“Building” and “structure” are usually not defined in the standard Fungi and Bacteria Exclusion. Alert policyholders can employ this vagueness in their evaluation. Exclusions are construed narrowly and ambiguous terms are resolved in favor of the policyholder in most jurisdictions. Therefore, if there are reasonable grounds to say that something is not a building or structure, then it’s not a building or structure with respect to the Fungi and Bacteria Exclusion. So long as it is possible that the exposure occurred somewhere on the property other than a building or structure, the insurance company will generally owe a complete defense in the matter.

POLLUTION EXCLUSION industry’s reasoning. The court reasoned that if fungi and bacteria were included within the scope of the Pollution Exclusion, there would be no reason at all for the existence of a Fungi or Bacteria Exclusion. Westport Insurance Co. v. VN Hotel Group, LLC, 2013 WL 1196957 (11th Cir. Mar. 22, 2013). Because every claim triggering the Fungi or Bacteria Exclusion would already be excluded under the Pollution Exclusion, the Fungi or Bacteria Exclusion would serve no useful purpose. Such a result would fail to give full meaning and operative effect to the entire policy – a standard rule for interpreting insurance policies. See id. at * 9. As such, the Court rightly recognized that the fungus and A recent decision by the Eleventh Circuit Court of bacteria fell outside the scope of “pollutant” Appeals highlights a flaw in the insurance under the policy. Perhaps recognizing that the Fungi and Bacteria Exclusion did not completely eliminate the potential for coverage, more and more insurance companies are seeking to expand the scope of the pollution exclusion to include Fungi and Bacteria. “Pollution” is often defined as “any solid, liquid, gaseous or thermal irritant or contaminant, including smoke, vapor, soot, fumes, acids, alkalis, chemicals and waste . . .” As virtually any substance could theoretically be shoehorned into that definition by a clever insurance company, many carriers have aggressively relied on the pollution exclusion to limit coverage.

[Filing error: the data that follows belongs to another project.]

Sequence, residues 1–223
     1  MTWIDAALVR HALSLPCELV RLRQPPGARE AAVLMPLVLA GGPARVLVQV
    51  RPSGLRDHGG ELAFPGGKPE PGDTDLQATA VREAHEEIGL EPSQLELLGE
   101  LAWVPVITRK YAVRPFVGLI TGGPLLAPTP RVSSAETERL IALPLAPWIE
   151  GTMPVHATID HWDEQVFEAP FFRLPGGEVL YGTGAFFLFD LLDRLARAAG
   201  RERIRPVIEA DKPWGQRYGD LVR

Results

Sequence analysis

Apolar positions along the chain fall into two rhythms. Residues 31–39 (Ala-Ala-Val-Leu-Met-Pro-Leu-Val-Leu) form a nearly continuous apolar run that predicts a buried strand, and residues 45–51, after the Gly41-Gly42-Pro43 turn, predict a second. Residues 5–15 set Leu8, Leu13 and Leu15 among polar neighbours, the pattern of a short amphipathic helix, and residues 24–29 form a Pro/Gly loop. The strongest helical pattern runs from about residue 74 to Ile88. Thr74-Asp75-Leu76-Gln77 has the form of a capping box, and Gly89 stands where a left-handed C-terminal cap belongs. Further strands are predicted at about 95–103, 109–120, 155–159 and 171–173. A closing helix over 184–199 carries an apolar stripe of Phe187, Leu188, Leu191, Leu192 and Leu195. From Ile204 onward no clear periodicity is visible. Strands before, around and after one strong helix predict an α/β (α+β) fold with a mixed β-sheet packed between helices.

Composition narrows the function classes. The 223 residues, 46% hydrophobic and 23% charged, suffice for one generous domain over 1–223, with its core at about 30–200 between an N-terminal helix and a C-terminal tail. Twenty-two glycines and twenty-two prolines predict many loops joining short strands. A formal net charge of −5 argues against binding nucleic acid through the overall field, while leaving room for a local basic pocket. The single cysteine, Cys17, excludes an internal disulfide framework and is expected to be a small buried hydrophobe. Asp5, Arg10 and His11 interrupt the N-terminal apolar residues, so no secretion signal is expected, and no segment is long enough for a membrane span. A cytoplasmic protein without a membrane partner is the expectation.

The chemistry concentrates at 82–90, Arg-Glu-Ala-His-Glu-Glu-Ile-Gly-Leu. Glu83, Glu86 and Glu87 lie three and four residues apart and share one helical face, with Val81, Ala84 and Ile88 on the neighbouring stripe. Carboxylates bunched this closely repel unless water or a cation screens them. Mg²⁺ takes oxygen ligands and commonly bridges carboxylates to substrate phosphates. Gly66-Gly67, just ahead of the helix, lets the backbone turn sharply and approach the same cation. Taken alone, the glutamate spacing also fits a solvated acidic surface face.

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CONCLUSION Dealing with bacteria and fungus claims can be a headache for any hotel or resort for many reasons – but uncooperative insurance companies should not be one of them. By understanding the limits of the Fungi and Bacteria Exclusion and the Pollution Exclusion, a hotel or resort can substantially increase its chance of recovery from its insurance company

without the need to resort to expensive litigation. Of course, given the complexity of these cases and the nuances of each individual insurance policy, it is always recommended that coverage counsel be consulted for any specific matter.

david p. bender, jr. managing shareholder P: (805) 288-1300

E: dbender@andersonkill.com

David P. Bender, Jr. (dbender@andersonkill.com) is the managing shareholder in the Ventura, California, office of Anderson Kill & Olick, P.C. Mr. Bender co-chairs the firm’s Hospitality Industry Practice Group and is a member of the Board of Directors of the Academy of Hospitality Industry Attorneys. A long-time advocate of policyholder’s rights, Mr. Bender represents public and private corporations, financial institutions, private and public educational institutions, and boards of directors.

michael j. stoner associate P: (805) 288-1300

E: mstoner@andersonkill.com

Michael J. Stoner (mstoner@andersonkill.com), an associate in the firm’s California office, is a member of the firm’s Hospitality Industry Practice Group. His practice focuses on insurance recovery, corporate and commercial litigation, and environmental law